The One Hill Coalition is a step closer to finalizing a community-benefits agreement (CBA), having announced at an April 23 press conference that the group has reached a tentative deal with government officials and the Pittsburgh Penguins, who are seeking to build an arena adjacent to the Hill District.
Although none of the parties has solidified an official agreement, coalition leaders say the city, county and Penguins have agreed to terms that would: give Hill District residents dibs on family-sustaining jobs; establish a job-referral center; and pledge $2 million for a neighborhood grocery store. They have even found common ground on one of the most contentious discussion planks, agreeing to replace a community-development fund with a state-run tax-credit program.
"It took some creativity," says One Hill's chief negotiator, Evan Frazier. "Given the circumstances, we felt [the tax-credit program] was the best way to find an agreement."
One Hill is trying to ensure that when the Penguins' new $290 million hockey arena is built, the long-neglected Hill District benefits as well. And for the first time since negotiations began nearly a year ago, coalition leaders are optimistic about their chances, especially since officials have recently made proposals that reflect One Hill's blueprint of community needs.
City and county officials have staunchly opposed the idea of a $10 million community-controlled fund for months. Their compromise with One Hill would replace that proposal with a state tax-credit program that could potentially provide $6 million over the next 12 years for neighborhood support, including youth services and drug and alcohol programs.
The state's Neighborhood Partnership Program (NPP), which began in 2004 as a modified version of a program initiated in 1997, would provide private companies with tax credits equal to 75-80 percent of their contribution to the community.
"It's been a hugely successful program," says Bryce Maretzki, policy director for the state's Department of Community and Economic Development. "We've had no real glitches."
Over the past decade, the tax-credit programs have financed 26 projects, totaling $16 million worth of state tax credits, according to Maretzki.
The South Side Local Development Corporation (SSLDC) has been working with the tax-credit program since its inception in 1997. Since then, a partnership with PNC Bank has helped construct nearly 150 housing units, Maretzki says.
"[The tax-credit program] has been exceedingly successful," says SSLDC Executive Director Rick Belloli. "It's been very beneficial to the South Side."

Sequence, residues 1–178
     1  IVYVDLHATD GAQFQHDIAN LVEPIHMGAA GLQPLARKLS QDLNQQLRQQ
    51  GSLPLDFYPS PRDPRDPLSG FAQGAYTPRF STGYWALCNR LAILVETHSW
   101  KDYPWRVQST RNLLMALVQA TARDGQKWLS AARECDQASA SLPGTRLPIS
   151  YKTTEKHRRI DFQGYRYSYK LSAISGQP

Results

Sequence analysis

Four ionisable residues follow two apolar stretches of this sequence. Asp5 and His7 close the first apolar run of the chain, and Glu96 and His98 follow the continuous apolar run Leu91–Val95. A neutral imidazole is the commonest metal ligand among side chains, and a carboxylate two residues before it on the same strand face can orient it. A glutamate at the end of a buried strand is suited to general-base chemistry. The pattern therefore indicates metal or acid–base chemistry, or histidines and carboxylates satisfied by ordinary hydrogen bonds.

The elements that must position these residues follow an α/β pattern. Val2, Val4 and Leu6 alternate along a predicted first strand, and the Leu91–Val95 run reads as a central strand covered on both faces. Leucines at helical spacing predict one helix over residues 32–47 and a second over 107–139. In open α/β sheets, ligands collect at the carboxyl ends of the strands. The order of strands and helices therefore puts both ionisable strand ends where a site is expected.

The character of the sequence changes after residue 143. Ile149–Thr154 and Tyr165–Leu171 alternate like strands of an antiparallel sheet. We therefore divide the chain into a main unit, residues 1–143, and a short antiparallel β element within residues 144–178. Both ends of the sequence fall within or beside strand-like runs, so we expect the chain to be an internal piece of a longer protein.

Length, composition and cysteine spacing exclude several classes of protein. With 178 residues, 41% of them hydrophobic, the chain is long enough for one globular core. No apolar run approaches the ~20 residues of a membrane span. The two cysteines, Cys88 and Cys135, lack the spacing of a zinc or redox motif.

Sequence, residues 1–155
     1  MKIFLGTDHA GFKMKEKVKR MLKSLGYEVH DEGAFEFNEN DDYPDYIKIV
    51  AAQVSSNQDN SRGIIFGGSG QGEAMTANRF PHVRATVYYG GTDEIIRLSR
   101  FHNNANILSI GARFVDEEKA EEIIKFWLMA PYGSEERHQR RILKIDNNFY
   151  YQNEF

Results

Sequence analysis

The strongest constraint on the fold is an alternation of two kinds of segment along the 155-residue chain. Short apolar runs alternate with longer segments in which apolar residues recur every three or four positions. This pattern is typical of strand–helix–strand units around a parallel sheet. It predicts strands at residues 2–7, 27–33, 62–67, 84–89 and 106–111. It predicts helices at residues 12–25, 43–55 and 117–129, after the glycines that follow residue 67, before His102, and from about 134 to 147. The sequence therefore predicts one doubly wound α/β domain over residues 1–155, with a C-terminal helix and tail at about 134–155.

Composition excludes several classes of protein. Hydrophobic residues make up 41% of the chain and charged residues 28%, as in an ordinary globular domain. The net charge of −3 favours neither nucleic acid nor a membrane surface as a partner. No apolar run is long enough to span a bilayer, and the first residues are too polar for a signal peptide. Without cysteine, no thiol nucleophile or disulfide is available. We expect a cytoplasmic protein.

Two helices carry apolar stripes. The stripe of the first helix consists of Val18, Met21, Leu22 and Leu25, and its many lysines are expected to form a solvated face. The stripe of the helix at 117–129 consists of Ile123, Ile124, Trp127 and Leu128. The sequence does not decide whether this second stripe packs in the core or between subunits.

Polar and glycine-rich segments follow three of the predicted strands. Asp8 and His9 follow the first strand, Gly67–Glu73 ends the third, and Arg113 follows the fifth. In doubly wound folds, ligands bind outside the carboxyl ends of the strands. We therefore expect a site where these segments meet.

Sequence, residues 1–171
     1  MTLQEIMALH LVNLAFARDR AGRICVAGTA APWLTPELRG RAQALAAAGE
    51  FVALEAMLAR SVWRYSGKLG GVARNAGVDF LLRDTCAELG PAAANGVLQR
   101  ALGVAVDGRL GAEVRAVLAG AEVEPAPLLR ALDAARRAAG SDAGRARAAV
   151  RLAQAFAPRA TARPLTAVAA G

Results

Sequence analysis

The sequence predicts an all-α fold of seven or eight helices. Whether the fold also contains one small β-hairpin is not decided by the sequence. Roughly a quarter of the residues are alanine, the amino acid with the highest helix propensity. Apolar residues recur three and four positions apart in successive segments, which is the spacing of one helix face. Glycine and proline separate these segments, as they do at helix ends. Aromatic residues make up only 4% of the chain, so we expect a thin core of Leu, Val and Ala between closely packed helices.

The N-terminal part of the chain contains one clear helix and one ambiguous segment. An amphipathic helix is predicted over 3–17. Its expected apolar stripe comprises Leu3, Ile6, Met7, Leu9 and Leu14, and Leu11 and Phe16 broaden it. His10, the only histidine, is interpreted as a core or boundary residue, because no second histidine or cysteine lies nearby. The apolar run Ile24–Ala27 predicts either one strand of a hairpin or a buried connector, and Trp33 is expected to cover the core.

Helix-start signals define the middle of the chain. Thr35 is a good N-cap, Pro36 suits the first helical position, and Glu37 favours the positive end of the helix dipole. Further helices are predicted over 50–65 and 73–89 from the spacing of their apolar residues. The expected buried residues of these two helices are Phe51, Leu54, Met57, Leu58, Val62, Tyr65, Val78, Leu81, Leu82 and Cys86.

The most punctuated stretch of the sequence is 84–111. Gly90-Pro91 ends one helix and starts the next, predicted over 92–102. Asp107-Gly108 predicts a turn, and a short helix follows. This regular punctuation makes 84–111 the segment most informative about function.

Belloli says PNC Bank has been contributing $250,000 per year for the last 10 years. A number of other employers, including UPMC and American Eagle, have recently been added as contributors.
If, and when, a deal is reached for the Hill District, Frazier says the Hill House, the neighborhood's long-standing community center, will serve as the program's sponsor, and will administer the community programs funded by the NPP.
Maretzki says the state requires two reports per year. State officials also do periodic on-site visits to make sure corporations aren't making empty promises to get tax credits.
Although One Hill Chairman Carl Redwood said there are a few companies "lined up" to contribute to the program, he would not say who they were. When asked if the Penguins were one of them, he said, "Not necessarily."
Penguins' officials were more frank.
"[The contributor] won't be the Penguins," said Ron Porter, the team's senior consultant. "The Penguins will support [the program]."
According to Frazier, "The Penguins have agreed that they would help identify the right corporate sponsors."
Although the Penguins won't be funding the tax-credit program, the team isn't dodging monetary contributions to the neighborhood. According to One Hill, the Penguins are still pledging $1 million toward a grocery store.
Despite One Hill's optimistic announcements, though, city and county officials are keeping mum about the prospects for a deal.
"The CBA is not finalized yet," said Kevin Evanto, spokesperson for County Executive Dan Onorato. "Until we have it finalized, we're not going to comment on any provisions that One Hill may have shared with the media."
Joanna Doven, the mayor's spokesperson, also said the mayor would not comment for this story.
One Hill's nine-member leadership committee already unanimously voted to accept the tentative agreement. And on May 3, each of the coalition's more than 100 member organizations will vote for or against it.
Maryellen Hayden says her group is leaning toward the former.
"I think [the tentative agreement] is great," says the Western Pennsylvania head organizer of ACORN, a community group advocating for social justice. "This is the best bet we could have hoped for."
One Hill plans to announce the results of the coalition's vote on May 3. After that, Frazier says, all parties could be ready to sign on the dotted line.
That would bring an end to months of negotiations ... and a smile to Hayden's face.
"This is a landmark thing for our communities," she says. "It's unprecedented. It's wonderful."